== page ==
At the instant the switch opened, the current through the circuit would have been about 99% of the maximum current. Such a current multiplied by the extremely high resistance of the air gap will result in a huge voltage. Such a large voltage drop is possible because the inductor has stored energy, which it will use to create a very large negative potential on one side of the gap. That ensures the current flow will match the dissipation curve of the inductor. This is the origin of the huge fly-back voltage spike associated with the sudden disruption of current through an inductor.

The fly-back voltage generated by an inductor can be potentially damaging. Not only can the arc generated damage the insulation of the inductor, it can damage the switch or component being used to open or close the circuit. The arcing effect has been dramatically captured in this short video.
The use of a fly-back diode precludes the possibility of damage from an inductive fly-back. The diode provides a path for the inductor to drive the current flow once the circuit has been opened. As long as the circuit is closed, the diode is reverse biased and does not contribute to the functioning of the circuit.

When the switch opens, the inductor has a path to maintain the current flow through the diode. As the inductor reverses its polarity, it forward biases the diode, which then conducts current for the five time constants, until the current reduces to zero. That prevents the voltage spike.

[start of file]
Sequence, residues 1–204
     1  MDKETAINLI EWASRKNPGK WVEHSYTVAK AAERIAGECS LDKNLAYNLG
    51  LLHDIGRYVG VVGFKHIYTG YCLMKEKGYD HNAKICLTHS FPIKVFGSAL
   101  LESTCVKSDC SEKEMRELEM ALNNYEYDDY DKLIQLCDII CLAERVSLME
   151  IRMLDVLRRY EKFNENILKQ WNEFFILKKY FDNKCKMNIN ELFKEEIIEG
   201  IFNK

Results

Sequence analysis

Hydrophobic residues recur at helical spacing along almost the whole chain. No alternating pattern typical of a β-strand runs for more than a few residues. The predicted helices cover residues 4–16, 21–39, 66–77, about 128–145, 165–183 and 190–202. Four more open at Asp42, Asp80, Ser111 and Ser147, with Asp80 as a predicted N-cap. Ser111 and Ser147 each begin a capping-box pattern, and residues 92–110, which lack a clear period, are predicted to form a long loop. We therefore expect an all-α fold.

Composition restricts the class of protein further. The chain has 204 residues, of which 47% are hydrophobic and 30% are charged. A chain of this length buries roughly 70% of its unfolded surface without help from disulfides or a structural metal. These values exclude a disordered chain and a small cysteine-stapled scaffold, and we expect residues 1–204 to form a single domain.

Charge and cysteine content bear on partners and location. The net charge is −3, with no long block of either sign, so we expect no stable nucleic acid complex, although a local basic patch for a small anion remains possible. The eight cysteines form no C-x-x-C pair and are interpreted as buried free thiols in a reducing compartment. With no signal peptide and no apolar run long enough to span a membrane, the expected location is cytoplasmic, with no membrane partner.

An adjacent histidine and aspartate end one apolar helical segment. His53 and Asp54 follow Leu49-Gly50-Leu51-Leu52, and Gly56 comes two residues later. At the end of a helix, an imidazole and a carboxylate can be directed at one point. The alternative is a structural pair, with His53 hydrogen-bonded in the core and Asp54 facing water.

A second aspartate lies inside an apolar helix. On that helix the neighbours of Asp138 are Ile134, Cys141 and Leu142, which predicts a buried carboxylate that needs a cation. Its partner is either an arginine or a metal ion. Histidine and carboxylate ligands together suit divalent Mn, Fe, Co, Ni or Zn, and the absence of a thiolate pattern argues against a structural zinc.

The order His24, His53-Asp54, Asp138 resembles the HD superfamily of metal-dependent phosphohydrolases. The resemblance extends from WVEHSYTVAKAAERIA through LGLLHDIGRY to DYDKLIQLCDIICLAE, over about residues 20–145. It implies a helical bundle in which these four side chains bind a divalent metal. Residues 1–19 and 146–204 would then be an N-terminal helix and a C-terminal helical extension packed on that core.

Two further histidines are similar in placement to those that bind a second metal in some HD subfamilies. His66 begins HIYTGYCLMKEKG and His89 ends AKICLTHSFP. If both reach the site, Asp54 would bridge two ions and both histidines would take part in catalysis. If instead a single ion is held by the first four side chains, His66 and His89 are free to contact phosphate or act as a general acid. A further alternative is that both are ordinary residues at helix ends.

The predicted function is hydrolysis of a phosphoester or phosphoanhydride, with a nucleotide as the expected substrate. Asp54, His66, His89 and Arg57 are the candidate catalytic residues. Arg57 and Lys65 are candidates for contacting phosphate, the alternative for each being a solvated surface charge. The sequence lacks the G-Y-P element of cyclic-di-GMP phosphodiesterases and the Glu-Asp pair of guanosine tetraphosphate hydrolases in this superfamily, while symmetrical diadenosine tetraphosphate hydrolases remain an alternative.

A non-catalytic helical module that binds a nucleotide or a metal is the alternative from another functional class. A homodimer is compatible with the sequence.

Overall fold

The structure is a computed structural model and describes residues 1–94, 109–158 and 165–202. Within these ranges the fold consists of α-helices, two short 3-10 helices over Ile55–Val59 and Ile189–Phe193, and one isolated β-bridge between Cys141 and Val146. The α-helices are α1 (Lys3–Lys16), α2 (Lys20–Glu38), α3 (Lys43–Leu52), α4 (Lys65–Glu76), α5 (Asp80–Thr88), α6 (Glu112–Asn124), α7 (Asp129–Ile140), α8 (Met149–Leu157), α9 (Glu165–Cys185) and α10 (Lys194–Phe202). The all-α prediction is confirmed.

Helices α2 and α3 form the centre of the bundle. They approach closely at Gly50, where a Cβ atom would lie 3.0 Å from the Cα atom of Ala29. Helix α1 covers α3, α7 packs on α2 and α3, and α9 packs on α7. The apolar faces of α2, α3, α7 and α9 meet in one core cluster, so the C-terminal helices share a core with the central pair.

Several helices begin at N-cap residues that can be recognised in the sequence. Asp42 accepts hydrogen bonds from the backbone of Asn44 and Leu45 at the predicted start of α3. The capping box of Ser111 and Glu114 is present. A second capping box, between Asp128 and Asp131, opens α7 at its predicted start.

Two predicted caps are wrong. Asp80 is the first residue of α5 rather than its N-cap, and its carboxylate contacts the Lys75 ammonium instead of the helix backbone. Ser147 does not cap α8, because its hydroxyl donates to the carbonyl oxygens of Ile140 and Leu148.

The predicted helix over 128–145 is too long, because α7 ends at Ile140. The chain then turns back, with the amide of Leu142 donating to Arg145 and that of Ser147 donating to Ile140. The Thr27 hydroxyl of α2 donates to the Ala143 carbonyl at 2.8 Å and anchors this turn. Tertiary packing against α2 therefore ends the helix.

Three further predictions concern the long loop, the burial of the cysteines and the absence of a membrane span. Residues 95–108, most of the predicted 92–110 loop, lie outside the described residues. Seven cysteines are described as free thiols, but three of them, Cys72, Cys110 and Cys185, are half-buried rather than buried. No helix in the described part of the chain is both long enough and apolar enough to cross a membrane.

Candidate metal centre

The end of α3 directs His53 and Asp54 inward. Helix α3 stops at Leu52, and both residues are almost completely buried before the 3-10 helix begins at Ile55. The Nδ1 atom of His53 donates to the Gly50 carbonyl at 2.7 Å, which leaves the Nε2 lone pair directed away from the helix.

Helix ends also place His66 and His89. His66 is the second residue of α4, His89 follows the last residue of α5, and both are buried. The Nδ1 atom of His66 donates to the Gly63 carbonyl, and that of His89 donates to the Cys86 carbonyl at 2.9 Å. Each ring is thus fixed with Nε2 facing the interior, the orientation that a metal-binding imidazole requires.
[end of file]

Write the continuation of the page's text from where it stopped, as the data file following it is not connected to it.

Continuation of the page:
What is a heatsink?

When current flows through a resistor, part of the electrical energy is converted into heat that gets dissipated into the surroundings. If the heat generated is not quickly removed, it can permanently damage the electronic circuit. Heatsinks are devices that are capable of removing the heat from electronic devices and speedily dissipate it into surroundings.

Heatsinks can be passive or active devices. Passive heat sinks consist of fins made generally

Voltage Regulator in a Heatsink

Voltage Regulator in a Heatsink

of aluminum that provide a large surface area for heat dissipation. Active devices in addition have fans that circulate the air around the sink for faster removal of heat. The heat dissipation in a heatsink takes place principally through convection either natural or forced.

Heat transferred through convection is proportional to the temperature difference between the heatsink and the surroundings. The constant of proportionality is called convection coefficient. Mathematically, q = h x A x ∆t, where q is the heat dissipated by convection, h is the convection heat transfer coefficient, A is surface area and ∆t is the temperature difference between the heat sink and the surroundings. The coefficient h is a function of velocity of air circulating around the heatsink among other things. Thus higher the speed of air circulating around the heatsink faster is the heat dissipation.